It is leant that Daya Ram Sahani, the 20th century archaeologist, has excavated Huskapura, modern Ushkara near Baramulla, and discovered the remains of a stupa and its surrounding wall. Although no circular tile pavement is recorded of this site, but a few most striking and significant terra-cotta figures are recorded to have been discovered at the site. The fragments resemble the Gandhara art influence and they are amongst the earliest examples of Kashmir sculpture hitherto discovered.

PNK Bamzai has attributed this art to later Ghandhara period and writes that these “later Gandhara” terracottas have been variously put from the 4th to the 8th centuries A.D. The figures and figurines depict true Hellenistic influence. Hellenistic art was the dominant cultural force for about a thousand years from the 3rd century B.C. to 700 AD in what is now called Afghanistan, and its final echoes lasted in Kashmir until the 10th century A.D.

R C Kak, another archaeologist of 2oth century, writes about the terracotta heads of this site, that structure may have belonged to Kushan times. This surmise is strengthened by the discovery outside the north-eastern corner of the surrounding wall, of eleven terracotta heads, besides a number of fragmentary limbs of images which display the unmistakable influence of the Gandhara School of the third and fourth century. These are now preserved in the Srinagar Museum.

The contributor of this paper also examined the finds of Ushkar, with its wonderful terracotta heads, these heads in its texture and art resemble very close to mainstream Ghandhara art and not to its post period and can be easily dated to a period before 4th century AD as observed by several other archaeologists. The few of the artifacts derived from this site are housed in SPS Museum at Srinagar and are described as follows:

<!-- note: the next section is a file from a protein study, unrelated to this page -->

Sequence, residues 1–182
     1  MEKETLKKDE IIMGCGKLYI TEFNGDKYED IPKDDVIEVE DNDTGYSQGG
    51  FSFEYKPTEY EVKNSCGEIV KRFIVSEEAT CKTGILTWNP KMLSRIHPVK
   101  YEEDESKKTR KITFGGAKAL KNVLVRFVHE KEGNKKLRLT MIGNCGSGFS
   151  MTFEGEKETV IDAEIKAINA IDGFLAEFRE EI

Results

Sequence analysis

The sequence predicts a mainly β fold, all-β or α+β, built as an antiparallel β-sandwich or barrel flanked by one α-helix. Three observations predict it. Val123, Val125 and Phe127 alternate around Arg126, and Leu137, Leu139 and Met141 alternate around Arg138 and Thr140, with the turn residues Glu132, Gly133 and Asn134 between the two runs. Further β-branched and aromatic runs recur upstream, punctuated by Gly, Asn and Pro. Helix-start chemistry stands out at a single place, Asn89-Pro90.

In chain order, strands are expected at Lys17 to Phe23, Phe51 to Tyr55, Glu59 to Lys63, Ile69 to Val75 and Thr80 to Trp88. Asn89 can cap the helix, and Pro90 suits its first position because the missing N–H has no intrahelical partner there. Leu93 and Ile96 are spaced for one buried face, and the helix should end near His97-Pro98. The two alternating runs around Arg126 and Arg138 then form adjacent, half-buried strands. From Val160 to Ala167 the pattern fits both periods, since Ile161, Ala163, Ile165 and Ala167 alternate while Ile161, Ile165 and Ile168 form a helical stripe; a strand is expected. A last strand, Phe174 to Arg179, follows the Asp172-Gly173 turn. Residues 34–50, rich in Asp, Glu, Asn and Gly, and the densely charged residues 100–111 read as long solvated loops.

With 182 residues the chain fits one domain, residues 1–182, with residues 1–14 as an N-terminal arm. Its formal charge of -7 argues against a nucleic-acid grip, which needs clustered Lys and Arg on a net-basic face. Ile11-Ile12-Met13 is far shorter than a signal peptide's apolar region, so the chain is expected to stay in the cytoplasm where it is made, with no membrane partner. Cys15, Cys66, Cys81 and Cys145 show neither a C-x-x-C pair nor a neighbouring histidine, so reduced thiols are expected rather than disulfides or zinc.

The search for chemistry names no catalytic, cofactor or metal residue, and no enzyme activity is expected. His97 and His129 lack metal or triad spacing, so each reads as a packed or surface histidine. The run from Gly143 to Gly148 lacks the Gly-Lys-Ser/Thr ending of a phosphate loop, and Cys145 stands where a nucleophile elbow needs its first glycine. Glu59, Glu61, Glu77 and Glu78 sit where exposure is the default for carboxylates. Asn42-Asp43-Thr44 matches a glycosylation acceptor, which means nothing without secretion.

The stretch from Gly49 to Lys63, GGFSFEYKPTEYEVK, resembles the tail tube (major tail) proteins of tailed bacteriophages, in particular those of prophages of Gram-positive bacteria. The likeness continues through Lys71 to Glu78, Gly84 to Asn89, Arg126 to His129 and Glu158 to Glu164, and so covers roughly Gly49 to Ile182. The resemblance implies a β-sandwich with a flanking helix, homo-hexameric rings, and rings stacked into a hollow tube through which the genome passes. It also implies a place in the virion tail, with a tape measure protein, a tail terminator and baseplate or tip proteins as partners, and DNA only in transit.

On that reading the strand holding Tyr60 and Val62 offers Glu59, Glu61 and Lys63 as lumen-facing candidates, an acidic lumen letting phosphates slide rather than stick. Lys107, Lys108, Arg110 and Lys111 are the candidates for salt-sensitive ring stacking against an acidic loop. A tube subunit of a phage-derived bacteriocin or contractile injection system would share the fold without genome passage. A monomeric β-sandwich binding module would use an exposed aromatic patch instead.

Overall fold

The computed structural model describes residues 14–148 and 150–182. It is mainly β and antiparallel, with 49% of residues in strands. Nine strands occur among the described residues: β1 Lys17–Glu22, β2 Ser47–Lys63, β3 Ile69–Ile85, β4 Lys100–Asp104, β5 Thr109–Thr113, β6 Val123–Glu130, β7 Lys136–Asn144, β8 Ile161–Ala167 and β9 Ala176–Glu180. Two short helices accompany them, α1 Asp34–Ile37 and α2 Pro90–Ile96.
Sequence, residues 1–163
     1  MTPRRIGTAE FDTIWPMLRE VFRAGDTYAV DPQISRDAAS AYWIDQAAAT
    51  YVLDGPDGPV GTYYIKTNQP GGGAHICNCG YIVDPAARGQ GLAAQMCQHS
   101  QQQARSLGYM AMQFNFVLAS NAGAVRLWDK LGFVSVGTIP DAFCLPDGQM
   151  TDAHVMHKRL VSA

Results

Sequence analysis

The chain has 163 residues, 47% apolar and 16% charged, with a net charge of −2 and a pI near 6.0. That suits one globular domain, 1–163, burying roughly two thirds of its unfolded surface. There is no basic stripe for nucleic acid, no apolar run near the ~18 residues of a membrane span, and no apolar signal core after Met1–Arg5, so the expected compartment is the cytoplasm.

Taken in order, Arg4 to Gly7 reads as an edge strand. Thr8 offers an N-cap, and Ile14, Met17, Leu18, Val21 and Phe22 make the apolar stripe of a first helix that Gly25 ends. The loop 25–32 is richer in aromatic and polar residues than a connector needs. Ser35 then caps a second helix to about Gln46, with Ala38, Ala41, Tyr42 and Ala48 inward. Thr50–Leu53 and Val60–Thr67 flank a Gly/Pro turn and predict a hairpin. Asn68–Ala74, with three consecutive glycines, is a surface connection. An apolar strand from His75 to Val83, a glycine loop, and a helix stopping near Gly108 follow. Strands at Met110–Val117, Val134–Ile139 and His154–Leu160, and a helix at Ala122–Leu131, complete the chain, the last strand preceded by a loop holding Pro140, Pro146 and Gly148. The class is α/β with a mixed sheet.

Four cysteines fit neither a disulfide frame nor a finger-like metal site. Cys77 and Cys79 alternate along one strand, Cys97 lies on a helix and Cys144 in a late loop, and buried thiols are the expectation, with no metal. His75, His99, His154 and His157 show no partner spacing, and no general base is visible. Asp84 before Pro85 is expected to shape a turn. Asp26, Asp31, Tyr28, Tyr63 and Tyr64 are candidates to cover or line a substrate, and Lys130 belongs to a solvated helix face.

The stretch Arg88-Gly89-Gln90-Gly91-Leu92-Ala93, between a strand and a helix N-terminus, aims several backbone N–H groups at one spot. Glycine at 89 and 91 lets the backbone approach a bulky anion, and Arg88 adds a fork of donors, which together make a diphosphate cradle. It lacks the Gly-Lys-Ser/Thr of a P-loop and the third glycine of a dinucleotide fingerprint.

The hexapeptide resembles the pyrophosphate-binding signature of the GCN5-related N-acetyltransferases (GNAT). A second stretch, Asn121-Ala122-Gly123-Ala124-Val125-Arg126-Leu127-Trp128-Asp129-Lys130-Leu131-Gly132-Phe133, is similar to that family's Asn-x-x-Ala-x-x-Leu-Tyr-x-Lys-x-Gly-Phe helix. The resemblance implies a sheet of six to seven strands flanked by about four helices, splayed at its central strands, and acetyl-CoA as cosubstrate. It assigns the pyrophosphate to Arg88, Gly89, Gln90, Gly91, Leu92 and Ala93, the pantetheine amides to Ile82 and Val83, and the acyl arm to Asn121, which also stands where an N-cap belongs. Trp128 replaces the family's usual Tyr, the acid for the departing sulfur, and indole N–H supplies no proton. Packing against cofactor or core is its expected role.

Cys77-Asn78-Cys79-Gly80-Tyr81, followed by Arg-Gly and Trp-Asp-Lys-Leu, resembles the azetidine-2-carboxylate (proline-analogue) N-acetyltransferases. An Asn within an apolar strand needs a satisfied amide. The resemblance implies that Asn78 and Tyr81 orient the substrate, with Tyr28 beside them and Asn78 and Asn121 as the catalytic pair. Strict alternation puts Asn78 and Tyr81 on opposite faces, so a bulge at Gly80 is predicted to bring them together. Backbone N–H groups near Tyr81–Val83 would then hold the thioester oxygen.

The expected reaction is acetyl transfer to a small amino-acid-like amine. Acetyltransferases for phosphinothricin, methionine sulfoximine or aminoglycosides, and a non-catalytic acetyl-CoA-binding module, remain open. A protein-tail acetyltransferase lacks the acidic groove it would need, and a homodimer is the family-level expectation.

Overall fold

(a) one of the terracotta heads illustrates the head of a Bodhisattva. The unusually ornamental treatment of the hair in this fragment is noteworthy. The delicate features, rounded chin, and twisted, dandified locks secured by a beaded fillet placed sideways, make the face attractive in spite of the somewhat weary smile and the self-satisfied expression of the face.

(b) the another terracotta head is shaggy bearded, close-pressed lips, knitted eyebrows, and furrowed forehead, of this Brahman ascetic are so remarkably realistic that it would be difficult to imagine that the artist was not drawing a portrait from life. The hair is neatly brushed upwards and was probably gathered in a knot at the back of the head, where it was kept in position by an ornamental band. The ardent gaze and the prominent cheekbones are indicative of self-mortification.

(c)
This is one of the most beautiful heads found at Ushkar. The oval face, small nose, sensitive nostrils, soft delicate lips, plump rounded chin, hair smoothly combed back and falling in curly tresses on the shoulders, are all essentially feminine. She is an upasika, or female lay devotee. Her soft and wistful gaze, intensified by the upturned poise of the face, shows with what a feeling of devotion these feminine worshippers approached the Master.

(d) This illustration represents the head of a contemplative young monk with shaven crown, high forehead, arched eyebrows, and large dreamy eyes. The remarkably high and narrow skull seems to be the result of lateral pressure, a practice which was once prevalent among certain tribes in Central Asia.

The terracotta heads and other artifacts derived from this site are also earliest evidences of Kashmir sculpture art, which is very much influenced by Hellenistic style and these artifacts can be dated to the period between 2nd century AD to 4th century AD.

Disclaimer: The views and opinions expressed in this article are the personal opinions of the author.

The facts, analysis, assumptions and perspective appearing in the article do not reflect the views of GK